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Student tour guides will continue to lead their groups past protestors in front of the Allen Building during Blue Devil Days Thursday and Friday.
Panelists discussed how to bridge the perceived gap between religion and climate change at a panel discussion Wednesday.
Student teams presented proposals to combat the spread of the Zika virus Wednesday evening.
Almost one-third of the nation’s chief financial officers believe the United States will experience a recession by the end of 2016, according to a survey conducted by the Fuqua School Business.
Paleontology is stepping into the digital age with the help of 3-D printing.
The popular bakery Rise opened a new location in downtown Durham during Spring Break.
The president of the University of Maryland, Baltimore County, called for rethinking the way minorities are treated in science, technology, engineering and math fields during a talk sponsored by the Duke Initiative of Science and Society Wednesday.
Sue Gordon, deputy director of the National Geospatial-Intelligence Agency, spoke last week as part of a Women in National Security panel about the importance of technology in intelligence and of public-private partnerships. The Chronicle’s Adam Beyer sat down with Gordon, Trinity ’80, to discuss her transition from Duke into the field of national security.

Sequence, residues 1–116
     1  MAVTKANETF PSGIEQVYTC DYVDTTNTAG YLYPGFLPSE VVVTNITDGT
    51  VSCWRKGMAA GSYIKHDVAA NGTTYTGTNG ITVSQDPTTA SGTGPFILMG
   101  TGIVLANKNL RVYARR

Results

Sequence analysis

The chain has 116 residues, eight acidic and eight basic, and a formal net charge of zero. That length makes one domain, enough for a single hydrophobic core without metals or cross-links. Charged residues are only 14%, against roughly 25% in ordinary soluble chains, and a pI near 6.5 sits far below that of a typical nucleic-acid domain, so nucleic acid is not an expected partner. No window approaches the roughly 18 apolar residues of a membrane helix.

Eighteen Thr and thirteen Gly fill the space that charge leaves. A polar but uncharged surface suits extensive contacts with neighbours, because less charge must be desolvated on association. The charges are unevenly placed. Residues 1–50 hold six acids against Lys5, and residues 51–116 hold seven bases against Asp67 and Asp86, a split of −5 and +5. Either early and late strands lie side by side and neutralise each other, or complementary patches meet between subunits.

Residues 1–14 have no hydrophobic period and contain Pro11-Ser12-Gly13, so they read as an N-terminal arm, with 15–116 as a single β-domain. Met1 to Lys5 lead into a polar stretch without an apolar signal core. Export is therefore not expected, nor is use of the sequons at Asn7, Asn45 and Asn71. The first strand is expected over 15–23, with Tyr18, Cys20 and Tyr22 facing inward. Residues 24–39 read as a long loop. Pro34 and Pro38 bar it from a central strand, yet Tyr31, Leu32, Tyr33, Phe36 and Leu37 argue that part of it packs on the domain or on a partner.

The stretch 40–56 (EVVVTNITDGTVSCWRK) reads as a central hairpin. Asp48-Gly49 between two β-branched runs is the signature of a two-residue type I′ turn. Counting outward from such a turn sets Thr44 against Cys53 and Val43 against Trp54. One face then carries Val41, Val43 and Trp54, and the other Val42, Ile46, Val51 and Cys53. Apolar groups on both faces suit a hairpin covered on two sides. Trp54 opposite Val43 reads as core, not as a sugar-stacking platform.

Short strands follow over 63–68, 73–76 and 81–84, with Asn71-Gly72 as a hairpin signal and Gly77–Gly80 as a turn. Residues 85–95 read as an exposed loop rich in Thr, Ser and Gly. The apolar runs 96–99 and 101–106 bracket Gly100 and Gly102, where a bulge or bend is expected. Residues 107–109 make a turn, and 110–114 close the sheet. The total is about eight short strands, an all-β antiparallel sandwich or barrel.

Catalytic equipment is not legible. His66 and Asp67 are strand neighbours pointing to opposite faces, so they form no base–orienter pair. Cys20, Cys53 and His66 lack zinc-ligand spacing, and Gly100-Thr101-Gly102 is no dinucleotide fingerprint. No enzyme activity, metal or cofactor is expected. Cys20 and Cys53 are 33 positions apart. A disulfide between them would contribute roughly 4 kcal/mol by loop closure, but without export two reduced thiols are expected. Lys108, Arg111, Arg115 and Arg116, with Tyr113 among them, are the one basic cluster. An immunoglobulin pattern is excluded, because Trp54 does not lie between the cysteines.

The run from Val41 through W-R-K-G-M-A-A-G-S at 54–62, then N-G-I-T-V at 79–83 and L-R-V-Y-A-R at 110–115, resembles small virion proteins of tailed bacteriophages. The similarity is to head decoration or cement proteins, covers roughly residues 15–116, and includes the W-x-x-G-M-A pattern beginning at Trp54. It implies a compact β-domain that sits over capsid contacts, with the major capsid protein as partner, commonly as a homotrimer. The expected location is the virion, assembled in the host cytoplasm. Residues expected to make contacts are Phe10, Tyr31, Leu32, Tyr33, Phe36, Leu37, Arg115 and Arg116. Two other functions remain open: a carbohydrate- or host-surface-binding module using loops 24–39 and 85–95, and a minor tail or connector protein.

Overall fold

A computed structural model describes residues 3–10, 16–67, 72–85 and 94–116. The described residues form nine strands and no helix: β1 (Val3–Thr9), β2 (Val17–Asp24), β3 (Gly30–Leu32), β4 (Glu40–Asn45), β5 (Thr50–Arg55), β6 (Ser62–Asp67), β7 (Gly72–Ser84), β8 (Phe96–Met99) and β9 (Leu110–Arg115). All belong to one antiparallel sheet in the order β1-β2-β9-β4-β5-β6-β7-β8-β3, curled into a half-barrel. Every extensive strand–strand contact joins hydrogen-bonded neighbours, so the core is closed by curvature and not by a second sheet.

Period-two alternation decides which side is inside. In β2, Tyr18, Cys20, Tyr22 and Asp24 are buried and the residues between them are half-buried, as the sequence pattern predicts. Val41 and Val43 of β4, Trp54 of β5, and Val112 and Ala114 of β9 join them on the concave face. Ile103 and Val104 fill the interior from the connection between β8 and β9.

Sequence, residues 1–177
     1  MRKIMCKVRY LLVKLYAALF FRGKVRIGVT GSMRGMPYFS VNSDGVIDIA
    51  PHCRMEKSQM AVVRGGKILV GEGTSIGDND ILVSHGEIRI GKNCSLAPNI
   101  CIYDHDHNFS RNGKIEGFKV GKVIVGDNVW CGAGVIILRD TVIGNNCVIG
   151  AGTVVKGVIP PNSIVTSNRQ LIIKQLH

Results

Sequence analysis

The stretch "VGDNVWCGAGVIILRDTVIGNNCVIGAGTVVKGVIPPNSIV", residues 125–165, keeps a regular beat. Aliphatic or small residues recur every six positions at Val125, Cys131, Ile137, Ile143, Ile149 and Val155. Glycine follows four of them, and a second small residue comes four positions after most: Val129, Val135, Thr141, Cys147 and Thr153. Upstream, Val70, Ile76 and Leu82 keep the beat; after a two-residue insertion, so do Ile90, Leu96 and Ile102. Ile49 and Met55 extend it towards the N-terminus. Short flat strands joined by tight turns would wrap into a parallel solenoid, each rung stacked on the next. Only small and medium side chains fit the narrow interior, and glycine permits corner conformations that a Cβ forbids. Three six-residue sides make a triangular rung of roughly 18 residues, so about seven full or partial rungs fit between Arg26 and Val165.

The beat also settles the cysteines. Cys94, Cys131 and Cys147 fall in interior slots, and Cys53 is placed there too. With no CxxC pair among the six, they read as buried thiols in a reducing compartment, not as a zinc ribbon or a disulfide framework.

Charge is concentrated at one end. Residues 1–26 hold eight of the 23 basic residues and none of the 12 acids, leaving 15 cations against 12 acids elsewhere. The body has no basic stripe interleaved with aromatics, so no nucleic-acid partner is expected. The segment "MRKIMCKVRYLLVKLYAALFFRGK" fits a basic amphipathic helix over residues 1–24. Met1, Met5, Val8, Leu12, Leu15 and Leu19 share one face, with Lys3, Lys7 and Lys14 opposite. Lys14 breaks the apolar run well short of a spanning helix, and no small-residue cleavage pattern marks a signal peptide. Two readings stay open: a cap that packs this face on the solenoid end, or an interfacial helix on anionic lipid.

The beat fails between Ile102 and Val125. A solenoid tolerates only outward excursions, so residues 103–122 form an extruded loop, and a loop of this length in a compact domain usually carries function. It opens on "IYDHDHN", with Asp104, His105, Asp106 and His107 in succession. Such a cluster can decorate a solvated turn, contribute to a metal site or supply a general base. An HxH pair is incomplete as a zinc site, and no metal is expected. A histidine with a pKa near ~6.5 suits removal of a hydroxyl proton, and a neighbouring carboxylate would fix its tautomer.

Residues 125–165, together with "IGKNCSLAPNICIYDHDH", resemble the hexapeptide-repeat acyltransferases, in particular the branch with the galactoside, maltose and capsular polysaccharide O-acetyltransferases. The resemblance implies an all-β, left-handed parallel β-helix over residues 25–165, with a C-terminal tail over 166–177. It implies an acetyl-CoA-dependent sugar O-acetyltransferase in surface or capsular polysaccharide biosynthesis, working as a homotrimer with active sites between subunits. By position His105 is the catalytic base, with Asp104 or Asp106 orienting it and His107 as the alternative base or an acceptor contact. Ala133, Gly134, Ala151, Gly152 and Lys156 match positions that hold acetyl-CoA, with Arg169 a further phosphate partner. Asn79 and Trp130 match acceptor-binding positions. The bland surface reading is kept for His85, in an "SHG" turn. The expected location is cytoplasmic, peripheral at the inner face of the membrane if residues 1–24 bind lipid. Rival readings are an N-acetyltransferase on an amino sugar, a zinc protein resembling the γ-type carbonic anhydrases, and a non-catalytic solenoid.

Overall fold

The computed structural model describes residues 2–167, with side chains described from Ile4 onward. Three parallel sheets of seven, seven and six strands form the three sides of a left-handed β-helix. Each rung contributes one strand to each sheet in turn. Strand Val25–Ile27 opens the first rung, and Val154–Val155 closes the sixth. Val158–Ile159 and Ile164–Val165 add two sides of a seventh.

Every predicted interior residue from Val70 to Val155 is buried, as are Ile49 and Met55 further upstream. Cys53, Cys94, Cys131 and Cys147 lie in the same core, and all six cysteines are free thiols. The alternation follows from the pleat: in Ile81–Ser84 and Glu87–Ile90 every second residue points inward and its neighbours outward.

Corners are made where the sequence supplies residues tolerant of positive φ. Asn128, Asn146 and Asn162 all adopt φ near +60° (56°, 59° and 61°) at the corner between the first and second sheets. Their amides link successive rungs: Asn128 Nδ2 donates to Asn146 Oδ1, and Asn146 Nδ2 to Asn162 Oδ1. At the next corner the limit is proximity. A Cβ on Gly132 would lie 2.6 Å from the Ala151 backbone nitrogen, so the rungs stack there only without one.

The Office of Information Technology has launched a new wireless internet network that aims to provide greater security.
Duke’s Environmental Engineering major will graduate its first class of two students this spring.
Increasing support for faculty members was one of Valerie Ashby’s main goals when she arrived at Duke, and in her second semester as dean of the Trinity College of Arts and Sciences Ashby is leading several efforts to meet that goal.
A panel of students addressed what it means to be black while studying abroad Tuesday evening.
Enrique Peñalosa, Trinity ’78, was sworn in as mayor of Bogotá, Columbia earlier this month.
Tuesday’s Graduate and Professional Student Council meeting became heated at times as the council discussed the work of the Diversity Committee.
Although students have pushed to ban the app Yik Yak from campus, administrators have refused to take action against the forum.
Tensions were high Friday afternoon at a community conversation convened by administrators in response to recent racist and homophobic incidents on campus.
Statistics released last week by the National Collegiate Athletic Association show that 98 percent of Duke’s student-athletes graduate within six years of entering the University, an increase from 97 percent last year.
Rumors of a robber hiding in Pegram residence hall caused a storm of confusion for Pegram residents early Friday morning.
Jack Matlock, Trinity ‘50, is the former U.S. ambassador to the Soviet Union and is currently teaching classes as a Rubenstein Fellow at Duke. Matlock was the ambassador from 1987 to 1991 and spent more than 35 years in the U.S. Foreign Service with postings in Austria, Germany, Tanzania and Ethiopia. Since retiring, he has held appointments at Columbia University, Princeton University, Hamilton College, Mt. Holyoke College and the Institute for Advanced Study. The Chronicle’s Adam Beyer recently sat down with Matlock to discuss how Duke has changed since he was a student and his time as an ambassador.